Tipping Point: Textiles
In 2004, New York financier Wilbur Ross combined two North Carolina stalwarts, Burlington Industries — once the world’s largest textile maker — and Cone Mills, to form Greensboro-based International Textile Group. He had purchased both companies from bankruptcy the year before. ITG had sales of $769.1 million through the first three quarters of 2007.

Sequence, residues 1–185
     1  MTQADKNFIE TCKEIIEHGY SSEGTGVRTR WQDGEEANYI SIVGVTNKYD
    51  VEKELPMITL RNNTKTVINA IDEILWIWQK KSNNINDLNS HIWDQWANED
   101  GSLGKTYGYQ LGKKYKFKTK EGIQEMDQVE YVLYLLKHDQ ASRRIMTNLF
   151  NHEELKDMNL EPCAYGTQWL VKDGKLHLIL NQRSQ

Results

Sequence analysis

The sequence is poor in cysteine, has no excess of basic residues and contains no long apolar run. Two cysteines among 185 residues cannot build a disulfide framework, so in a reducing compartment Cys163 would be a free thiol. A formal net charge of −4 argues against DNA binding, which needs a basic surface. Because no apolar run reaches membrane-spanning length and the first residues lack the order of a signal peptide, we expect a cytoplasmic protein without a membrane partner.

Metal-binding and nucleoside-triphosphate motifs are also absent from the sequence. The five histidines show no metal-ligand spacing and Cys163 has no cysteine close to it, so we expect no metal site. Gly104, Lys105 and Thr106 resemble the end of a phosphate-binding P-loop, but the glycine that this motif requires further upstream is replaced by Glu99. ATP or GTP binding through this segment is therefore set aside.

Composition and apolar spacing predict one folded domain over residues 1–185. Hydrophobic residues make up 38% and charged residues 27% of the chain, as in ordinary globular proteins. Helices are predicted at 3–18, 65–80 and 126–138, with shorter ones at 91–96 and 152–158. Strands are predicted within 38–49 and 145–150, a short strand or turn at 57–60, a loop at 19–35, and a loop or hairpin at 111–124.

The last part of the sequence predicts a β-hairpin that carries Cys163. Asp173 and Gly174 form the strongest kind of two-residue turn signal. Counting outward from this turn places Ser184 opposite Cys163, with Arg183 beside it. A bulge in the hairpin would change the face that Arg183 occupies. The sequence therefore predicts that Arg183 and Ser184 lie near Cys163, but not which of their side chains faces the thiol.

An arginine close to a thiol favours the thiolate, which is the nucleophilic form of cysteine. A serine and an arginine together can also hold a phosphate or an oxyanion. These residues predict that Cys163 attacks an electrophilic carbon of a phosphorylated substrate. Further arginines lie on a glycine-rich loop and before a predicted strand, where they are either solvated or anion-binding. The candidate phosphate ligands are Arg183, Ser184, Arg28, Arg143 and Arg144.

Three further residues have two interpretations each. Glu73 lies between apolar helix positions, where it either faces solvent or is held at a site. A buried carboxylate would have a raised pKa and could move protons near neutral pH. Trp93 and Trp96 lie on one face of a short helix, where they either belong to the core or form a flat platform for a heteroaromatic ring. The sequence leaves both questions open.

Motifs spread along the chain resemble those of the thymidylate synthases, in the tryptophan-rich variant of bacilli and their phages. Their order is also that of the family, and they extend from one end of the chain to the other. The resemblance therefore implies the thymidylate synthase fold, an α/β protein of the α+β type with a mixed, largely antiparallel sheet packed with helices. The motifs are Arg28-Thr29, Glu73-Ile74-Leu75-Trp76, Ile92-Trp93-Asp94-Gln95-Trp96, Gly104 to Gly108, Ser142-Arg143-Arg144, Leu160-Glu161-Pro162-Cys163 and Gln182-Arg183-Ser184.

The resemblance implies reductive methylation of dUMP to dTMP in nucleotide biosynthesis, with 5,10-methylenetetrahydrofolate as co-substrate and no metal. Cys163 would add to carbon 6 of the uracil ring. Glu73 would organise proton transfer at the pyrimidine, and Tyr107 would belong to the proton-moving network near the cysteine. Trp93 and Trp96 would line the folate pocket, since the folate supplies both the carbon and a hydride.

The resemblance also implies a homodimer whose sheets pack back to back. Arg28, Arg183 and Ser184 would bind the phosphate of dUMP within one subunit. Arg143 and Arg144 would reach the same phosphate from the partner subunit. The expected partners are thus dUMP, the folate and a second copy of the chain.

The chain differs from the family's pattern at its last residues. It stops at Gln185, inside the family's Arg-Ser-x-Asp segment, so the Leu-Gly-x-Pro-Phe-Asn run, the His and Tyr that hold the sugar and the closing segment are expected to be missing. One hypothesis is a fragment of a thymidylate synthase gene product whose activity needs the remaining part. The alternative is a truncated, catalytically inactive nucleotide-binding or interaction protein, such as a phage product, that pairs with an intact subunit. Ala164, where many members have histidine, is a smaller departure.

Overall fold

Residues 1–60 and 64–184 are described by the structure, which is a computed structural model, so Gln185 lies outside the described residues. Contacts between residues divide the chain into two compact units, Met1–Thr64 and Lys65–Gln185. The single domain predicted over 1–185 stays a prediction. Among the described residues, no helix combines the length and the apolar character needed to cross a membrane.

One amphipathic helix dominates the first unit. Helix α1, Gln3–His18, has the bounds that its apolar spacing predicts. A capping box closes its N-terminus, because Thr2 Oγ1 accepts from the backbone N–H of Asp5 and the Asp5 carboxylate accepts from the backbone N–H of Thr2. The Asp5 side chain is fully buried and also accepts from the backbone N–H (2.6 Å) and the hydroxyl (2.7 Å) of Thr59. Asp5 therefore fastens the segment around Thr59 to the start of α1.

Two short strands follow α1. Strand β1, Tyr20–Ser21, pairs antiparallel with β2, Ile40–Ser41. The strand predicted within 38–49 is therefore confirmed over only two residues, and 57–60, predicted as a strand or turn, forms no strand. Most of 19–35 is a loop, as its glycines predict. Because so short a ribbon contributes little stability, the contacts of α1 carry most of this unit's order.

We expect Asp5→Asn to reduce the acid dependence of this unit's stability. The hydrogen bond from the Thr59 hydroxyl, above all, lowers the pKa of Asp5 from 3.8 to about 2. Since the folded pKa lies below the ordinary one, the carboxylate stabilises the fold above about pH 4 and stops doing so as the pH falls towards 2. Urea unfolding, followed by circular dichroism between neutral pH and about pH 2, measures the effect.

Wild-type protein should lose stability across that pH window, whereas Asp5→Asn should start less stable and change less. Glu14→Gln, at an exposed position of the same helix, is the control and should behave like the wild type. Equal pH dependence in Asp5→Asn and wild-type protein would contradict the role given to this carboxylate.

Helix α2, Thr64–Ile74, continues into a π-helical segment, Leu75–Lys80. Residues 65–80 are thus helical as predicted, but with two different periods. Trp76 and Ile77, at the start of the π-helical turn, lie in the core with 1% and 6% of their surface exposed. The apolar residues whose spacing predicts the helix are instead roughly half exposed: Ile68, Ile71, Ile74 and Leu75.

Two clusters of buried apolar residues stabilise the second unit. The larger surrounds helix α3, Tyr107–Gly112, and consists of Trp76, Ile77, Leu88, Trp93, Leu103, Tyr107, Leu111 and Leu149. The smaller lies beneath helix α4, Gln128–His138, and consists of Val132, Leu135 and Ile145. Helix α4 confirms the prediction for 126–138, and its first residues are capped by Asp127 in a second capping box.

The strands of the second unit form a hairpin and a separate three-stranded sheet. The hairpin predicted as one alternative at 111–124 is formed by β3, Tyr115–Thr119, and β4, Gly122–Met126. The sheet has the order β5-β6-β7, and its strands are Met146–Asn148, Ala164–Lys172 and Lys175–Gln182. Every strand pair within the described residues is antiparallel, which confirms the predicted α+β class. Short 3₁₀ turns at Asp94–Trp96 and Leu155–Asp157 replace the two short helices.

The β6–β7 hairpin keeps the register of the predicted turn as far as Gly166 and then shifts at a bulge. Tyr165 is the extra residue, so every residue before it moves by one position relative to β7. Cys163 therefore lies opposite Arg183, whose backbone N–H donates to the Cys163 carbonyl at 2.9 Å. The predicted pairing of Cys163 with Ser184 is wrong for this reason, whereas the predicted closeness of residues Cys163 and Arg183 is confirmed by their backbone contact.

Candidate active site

The World Trade Organization’s multifiber agreement in 1994 said that at the end of 2005, all the quotas, tariffs and other textile protections would come off. The textile industry had 10 years to prepare for it. Most textile companies, unfortunately, did very little — under the theory that, despite the agreement, government would protect them on an ongoing basis. ITG wanted to operate with a conservative balance sheet, and we wanted to complement our domestic factories with offshore ones. We have built state-of-the-art dyeing-and-finishing and denim operations in China. We also made a joint venture in Vietnam. We are opening a wholly owned venture in Nicaragua. If we hadn’t made those international investments, we would have had to shut down many more domestic facilities than we did. The foreign expansion, in our case, was not at the expense of the domestic plants. It kept them going. We view globalization not as a negative but as a positive. We have opposed some of the initiatives that have been taken in the political sector against China and Vietnam. The jobs that have left are never going to come back anyway. If action is taken to restrict China and Vietnam, those jobs will go to the next-lowest-cost countries — Pakistan, India or wherever. The way the South got the textile business in the first place is that it was the low-cost market, relative to New England. The answer is not restricting things. The answer is trying to right-size your business and balance it enough to retain a domestic presence.